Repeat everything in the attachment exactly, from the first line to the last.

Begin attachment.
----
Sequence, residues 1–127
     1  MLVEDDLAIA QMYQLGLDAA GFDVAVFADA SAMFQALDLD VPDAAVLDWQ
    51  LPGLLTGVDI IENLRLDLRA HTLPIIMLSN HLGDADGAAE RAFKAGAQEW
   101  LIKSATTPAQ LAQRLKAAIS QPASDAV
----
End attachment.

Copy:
Sequence, residues 1–127
     1  MLVEDDLAIA QMYQLGLDAA GFDVAVFADA SAMFQALDLD VPDAAVLDWQ
    51  LPGLLTGVDI IENLRLDLRA HTLPIIMLSN HLGDADGAAE RAFKAGAQEW
   101  LIKSATTPAQ LAQRLKAAIS QPASDAV